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House Energy and Commerce Committee Accepts Cash for Clunkers Program

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The
U.S. House of Representatives Committee on Energy and Commerce has
accepted the "Cash for Clunkers" fleet modernization amendment into the
language of House Bill 2454, the American Clean Energy and Security Act
of 2009, by a vote of 50-4. The amendment’s goal is to replace older,
less-fuel-efficient vehicles with new, more-fuel-efficient vehicles –
thus spurring new car sales in the United States.

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This new provision states that consumers may receive vouchers worth up
to $4,500 to help pay for new, more-fuel-efficient cars with a goal of
selling 1 million cars in one year. Specifically, the text states:

 • The old vehicle must get less than 18 miles per gallon (mpg).

 • New passenger cars with mileage of at least 22 mpg are eligible for vouchers.

 • If the mileage of the new car is at least 4 mpg higher than the old vehicle, the voucher will be worth $3,500.

 • If the mileage of the new car is at least 10 mpg higher than the old vehicle, the voucher will be worth $4,500.

 

The Automotive Service Association (ASA) noted that a repair option was
excluded from the language of the bill. ASA said it supports a "Cash
for Clunkers" program with a repair option, specifically with these key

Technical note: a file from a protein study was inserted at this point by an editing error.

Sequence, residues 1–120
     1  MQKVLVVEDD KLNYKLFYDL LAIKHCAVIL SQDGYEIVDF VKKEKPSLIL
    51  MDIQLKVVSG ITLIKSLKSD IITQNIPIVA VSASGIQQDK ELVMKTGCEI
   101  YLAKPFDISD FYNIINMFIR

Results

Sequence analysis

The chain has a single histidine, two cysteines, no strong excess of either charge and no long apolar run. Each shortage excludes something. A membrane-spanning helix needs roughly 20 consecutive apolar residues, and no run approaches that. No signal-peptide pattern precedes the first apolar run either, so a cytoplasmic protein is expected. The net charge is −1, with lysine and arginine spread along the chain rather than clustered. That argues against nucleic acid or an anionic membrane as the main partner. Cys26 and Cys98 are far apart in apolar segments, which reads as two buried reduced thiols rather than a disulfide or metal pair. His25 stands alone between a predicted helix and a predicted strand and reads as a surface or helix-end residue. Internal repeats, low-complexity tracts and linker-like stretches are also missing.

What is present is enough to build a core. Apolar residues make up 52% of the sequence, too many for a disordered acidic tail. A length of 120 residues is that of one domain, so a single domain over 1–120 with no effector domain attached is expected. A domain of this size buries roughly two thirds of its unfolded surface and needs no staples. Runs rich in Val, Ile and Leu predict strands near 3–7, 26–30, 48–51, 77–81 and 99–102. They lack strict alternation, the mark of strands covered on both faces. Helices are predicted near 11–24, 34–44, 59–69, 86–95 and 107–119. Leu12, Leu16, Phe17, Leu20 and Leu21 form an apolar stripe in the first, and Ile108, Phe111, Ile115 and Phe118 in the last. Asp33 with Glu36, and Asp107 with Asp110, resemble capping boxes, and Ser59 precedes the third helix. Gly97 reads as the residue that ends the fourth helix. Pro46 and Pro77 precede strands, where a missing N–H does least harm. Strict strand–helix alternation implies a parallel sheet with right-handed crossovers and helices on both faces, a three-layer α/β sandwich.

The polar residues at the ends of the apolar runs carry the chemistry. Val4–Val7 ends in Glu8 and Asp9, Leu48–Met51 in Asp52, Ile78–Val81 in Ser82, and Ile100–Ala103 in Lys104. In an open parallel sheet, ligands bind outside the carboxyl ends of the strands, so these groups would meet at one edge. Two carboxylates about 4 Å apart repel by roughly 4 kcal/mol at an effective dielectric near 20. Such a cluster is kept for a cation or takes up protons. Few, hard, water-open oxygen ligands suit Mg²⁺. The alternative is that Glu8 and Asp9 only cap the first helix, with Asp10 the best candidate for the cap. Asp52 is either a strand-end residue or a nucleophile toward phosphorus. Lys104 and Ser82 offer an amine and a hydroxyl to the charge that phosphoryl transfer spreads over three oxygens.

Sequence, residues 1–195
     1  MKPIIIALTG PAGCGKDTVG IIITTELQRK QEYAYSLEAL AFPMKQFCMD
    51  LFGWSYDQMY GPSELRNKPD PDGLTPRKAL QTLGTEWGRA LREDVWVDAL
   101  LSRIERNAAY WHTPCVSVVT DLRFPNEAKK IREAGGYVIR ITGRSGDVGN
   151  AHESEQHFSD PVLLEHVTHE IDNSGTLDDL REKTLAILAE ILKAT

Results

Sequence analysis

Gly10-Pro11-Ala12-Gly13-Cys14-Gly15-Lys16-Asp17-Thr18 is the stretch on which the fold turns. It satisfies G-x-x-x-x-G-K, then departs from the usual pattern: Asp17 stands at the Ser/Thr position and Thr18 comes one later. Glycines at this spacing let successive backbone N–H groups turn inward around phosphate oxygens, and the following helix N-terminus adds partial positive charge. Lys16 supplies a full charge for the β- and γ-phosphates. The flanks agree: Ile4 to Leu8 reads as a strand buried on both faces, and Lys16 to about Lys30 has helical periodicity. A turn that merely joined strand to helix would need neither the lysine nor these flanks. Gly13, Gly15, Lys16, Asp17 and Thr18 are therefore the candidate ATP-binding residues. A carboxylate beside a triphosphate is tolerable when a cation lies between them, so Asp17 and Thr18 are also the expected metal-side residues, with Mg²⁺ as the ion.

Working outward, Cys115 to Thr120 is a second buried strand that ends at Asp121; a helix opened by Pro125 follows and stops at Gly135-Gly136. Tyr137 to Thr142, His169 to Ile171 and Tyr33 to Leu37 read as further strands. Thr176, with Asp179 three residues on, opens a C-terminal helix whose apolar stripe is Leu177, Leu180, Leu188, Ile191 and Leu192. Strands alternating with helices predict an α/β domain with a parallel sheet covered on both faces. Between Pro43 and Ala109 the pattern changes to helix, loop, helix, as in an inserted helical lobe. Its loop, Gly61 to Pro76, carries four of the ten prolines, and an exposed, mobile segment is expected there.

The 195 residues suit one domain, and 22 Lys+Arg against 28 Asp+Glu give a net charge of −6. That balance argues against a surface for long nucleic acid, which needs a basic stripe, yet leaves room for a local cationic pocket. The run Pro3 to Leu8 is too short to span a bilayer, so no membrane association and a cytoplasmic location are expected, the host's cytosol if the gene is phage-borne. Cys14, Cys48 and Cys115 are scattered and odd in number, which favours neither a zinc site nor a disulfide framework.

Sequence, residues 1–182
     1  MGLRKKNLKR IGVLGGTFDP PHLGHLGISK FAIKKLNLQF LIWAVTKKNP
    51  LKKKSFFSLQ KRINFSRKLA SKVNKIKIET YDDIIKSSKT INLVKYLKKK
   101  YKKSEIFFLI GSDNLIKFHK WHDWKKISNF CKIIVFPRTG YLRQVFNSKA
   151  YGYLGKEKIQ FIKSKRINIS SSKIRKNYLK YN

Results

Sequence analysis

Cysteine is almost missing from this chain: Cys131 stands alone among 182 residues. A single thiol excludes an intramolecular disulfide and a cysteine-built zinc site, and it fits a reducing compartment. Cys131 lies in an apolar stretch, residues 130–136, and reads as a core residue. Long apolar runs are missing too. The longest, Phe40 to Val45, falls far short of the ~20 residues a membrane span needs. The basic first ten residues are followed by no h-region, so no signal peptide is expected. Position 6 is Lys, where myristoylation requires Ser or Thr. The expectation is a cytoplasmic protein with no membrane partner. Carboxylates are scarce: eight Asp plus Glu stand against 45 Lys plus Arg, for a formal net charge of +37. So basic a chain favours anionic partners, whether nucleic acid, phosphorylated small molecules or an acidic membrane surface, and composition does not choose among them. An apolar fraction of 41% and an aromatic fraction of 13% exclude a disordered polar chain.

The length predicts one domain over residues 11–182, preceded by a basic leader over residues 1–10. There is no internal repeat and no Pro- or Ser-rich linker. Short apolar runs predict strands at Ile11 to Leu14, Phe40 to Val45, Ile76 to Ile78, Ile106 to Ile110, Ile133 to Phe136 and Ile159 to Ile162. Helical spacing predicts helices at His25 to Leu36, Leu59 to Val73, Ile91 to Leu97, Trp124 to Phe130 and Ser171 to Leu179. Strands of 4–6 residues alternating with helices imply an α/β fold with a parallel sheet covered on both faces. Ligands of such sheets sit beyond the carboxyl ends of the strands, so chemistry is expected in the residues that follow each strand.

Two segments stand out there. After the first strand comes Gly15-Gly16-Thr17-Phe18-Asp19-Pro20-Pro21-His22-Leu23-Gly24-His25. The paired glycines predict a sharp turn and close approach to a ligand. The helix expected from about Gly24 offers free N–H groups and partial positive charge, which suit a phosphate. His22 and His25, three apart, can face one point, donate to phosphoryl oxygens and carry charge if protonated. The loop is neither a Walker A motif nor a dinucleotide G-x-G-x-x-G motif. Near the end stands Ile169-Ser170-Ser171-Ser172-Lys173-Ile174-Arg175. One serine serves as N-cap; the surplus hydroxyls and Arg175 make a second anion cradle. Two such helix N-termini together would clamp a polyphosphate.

points:

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 • Includes a vehicle repair option for consumers.

 • Programs should be administered by the states.

 • Vehicle participation should be tied to emissions and improving air quality.

 • Repair cost allowances should be sufficient to address emissions repairs.

The amendment that was accepted by the Committee excludes a vehicle
repair option, which could be devastating to independent repairers,
according to Bob Redding Jr., ASA’s Washington, D.C., representative.

“Arbitrarily removing older vehicles from America’s highways would take
vehicles out of independent repair bays, costing jobs and potentially
closing small businesses," said Redding. "A repair option tied to
higher-emitting vehicles is the most cost-efficient, consumer-friendly
approach to a fleet modernization program. This option will also allow
low-income vehicle owners who don’t have the resources for a new
vehicle to now have a dependable, lower emission vehicle. This
legislation has a long way to go and hopefully will improve as it moves
forward.”

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One opponent of the bill is the Automotive Aftermarket Industry
Association (AAIA), which says that “Cash for Clunkers” would increase
pollution and overload landfills.

“‘Cash for Clunkers’ is touted as protecting the environment by taking
older vehicles off the road and replacing them with new, more fuel
efficient vehicles. The reality is that these scrapped vehicles will be
heading to landfills. It’s ironic that a proposal designed to reduce
pollution will actually further damage the environment,” said Aaron
Lowe, vice president of government affairs for AAIA. “While the true
intention of this legislation is not to protect the environment but to
financially stimulate the automobile industry in the short term, the
hidden costs of this bill could cause environmental havoc
indefinitely.”

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The “Cash for Clunkers” amendment, included as part of the American
Clean Energy and Security Act of 2009 (HR 2454), states that, “For each